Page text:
Few things daunt writer and adventurer Robert Twigger. In the course of writing eight books, the 46-year-old has hunted the world’s longest python, and investigated a drug ritual in Haiti that turns people into real-life zombies. Yet even he admits to a temporary loss of nerve during last year’s Egyptian revolution.
“I was at home in Cairo and my friend Paul the priest rang,” Twigger says, reflecting one year on about the revolution that began on January 25 2011. “Escaped prisoners were rampaging along his street, which leads from the notorious Tora jail to the middle-class suburb of Maadi, where he lives.
“I dug out a Nagaland headhunter’s knife my grandfather gave me. If push had come to shove, it would have been ineffectual but it was important psychologically,” he says. “My mother-in-law helped us barricade ourselves in the flat by stacking furniture against the door. The huge Carrefour supermarket down the road got torched.”
Cairo isn’t Twigger’s first taste of expat life. After studying philosophy at Oxford, he moved to Japan. A career teaching English as a foreign language increasingly frustrated him: “A lot of it involved translating obscene pop-song lyrics for schoolgirls,” he says. So in an attempt to escape a rut, he signed up to learn aikido with Tokyo’s riot police. The experience became the subject of his debut Angry White Pyjamas, the William Hill Sports Book of the Year in 1998. Much of Twigger’s writing since has included acts of derring-do. But it is the philosophy of adventure, not machismo, that interests him.
Twigger first visited the Egyptian capital in 1993. He arrived to see a friend, but left having fallen in love with his future wife, Samia, who worked for Reuters. The couple moved to Oxford, where they had two children. In 2004, restlessness and England’s high cost of living compelled them to sell up and fling themselves into Cairo’s idiosyncratic property market.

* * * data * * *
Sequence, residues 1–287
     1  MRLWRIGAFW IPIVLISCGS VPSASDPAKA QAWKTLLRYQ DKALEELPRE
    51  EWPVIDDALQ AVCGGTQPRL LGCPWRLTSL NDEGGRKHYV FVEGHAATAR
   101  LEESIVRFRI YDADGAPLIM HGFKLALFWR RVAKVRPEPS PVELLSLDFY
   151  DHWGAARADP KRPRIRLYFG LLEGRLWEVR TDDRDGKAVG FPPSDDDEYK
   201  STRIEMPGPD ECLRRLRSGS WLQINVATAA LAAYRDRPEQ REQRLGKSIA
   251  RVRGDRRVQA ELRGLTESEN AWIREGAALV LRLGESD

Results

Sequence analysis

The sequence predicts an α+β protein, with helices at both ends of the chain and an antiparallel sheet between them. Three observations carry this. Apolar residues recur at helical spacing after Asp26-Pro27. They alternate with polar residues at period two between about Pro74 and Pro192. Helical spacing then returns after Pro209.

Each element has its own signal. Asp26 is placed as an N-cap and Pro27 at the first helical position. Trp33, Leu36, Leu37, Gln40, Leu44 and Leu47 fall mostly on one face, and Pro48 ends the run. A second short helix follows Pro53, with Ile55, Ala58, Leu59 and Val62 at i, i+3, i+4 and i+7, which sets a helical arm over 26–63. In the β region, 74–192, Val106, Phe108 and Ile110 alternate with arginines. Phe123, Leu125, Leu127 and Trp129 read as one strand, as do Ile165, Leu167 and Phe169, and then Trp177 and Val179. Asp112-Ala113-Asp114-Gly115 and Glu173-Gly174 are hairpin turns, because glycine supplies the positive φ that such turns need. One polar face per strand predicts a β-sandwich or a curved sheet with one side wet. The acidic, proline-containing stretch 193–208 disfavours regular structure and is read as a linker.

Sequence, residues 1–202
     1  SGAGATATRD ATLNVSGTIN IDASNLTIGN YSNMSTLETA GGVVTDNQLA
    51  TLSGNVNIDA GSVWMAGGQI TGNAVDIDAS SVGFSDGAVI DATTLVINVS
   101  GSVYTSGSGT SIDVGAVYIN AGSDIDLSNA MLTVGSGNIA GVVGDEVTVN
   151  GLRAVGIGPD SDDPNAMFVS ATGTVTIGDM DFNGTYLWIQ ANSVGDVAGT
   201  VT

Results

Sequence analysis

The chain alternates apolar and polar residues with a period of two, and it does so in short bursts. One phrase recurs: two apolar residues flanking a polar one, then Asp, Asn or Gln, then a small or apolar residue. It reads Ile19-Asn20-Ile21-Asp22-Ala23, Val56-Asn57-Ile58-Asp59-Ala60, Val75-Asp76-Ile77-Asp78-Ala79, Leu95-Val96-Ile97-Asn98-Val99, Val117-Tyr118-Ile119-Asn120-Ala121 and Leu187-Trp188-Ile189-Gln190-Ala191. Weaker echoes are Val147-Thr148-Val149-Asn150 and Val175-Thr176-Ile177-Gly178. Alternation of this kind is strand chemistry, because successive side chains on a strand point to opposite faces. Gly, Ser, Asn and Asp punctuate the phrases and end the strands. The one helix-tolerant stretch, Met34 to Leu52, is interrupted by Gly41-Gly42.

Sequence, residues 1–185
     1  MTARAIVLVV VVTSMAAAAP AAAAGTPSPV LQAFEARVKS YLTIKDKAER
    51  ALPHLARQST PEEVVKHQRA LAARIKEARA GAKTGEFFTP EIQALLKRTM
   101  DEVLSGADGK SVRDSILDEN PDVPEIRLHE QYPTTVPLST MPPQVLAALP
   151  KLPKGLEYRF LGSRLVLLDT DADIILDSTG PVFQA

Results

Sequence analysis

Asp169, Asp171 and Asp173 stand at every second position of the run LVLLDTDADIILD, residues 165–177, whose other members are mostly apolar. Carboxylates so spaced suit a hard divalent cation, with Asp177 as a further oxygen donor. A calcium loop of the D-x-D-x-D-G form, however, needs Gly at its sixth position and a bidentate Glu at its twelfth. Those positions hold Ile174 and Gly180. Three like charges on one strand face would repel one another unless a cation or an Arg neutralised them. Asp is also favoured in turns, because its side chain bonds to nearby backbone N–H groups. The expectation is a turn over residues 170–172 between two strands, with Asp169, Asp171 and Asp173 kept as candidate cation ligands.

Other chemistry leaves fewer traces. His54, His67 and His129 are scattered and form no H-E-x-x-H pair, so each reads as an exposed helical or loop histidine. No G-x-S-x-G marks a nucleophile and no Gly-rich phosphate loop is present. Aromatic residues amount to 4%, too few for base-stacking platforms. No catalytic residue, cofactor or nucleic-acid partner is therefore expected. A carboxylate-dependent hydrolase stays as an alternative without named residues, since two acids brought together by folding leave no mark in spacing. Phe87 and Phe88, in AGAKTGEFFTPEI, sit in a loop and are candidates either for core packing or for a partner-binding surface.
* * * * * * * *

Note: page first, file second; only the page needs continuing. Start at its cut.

Finding a house generally requires the services of a simsar, a cross between an estate agent and a local spiv. Every street has one. Once a buyer finds a street they like, they ask a bawab (or building concierge) to contact a simsar, who then takes them to look at places for sale. “One tip: check out your neighbours carefully,” says Twigger. “We got into a dispute over who should pay for the lift maintenance, so the neighbour got the lift altered so it didn’t stop at our floor.”
Maadi is about 25 minutes’ drive south of central Cairo, and takes its name from the Arabic for “ferries”, a reference to the lack of a bridge across the nearby Nile. The suburb mixes leafy streets and high-walled villas with western-style shops. Popular with both expats and affluent Cairenes, it’s also home to the British International School, attended by Twigger’s children, who are aged nine and 11.
New Maadi, the district where the family lives, is a fast-growing overspill. Given the number of high-rises punctuating the skyline, it’s hard to believe the area was little more than desert 20 years ago. Home comforts are not hard to find in the city, from the colonial splendour of the Windsor Hotel to the boutiques of Zamalek, the Nile island sometimes called Egypt’s answer to New York’s SoHo.
“My favourite place is the Al Kotob Khan international bookshop around the corner from us,” Twigger says. “Great cappuccinos. So peaceful. Although if you want to live like you do in the UK, you’ll find it more expensive in some ways. Fine wines and steaks will set you back. But you’ll never iron a shirt again: 10 pence each and delivered to your door.”
Smog often blankets Cairo, making it almost intolerable in the summer. An unexpected consequence of the revolution was that initially cars stayed off the roads. “I’ve never seen the sky so clear,” says Twigger. “Amazingly, for the first time we could see the Wadi Degla hills from the apartment.”
This year Twigger will spend more time in the UK for work reasons, watching from afar as democratic Egypt takes its first steps. “I’ll miss the country,” he says. “The best thing about Cairo is that it’s a place where small miracles happen daily.”
● High-quality international schools
● Africa’s only metrosystem is surprisingly effective, enabling more than 700m passenger journeys a year
● Red Sea resorts are a couple of hours’ drive away
● The political instability following Mubarak’s overthrow
● The bureaucracy can be infuriating; connections help
● Poor waste collection makes Cairo one of the world’s most polluted cities
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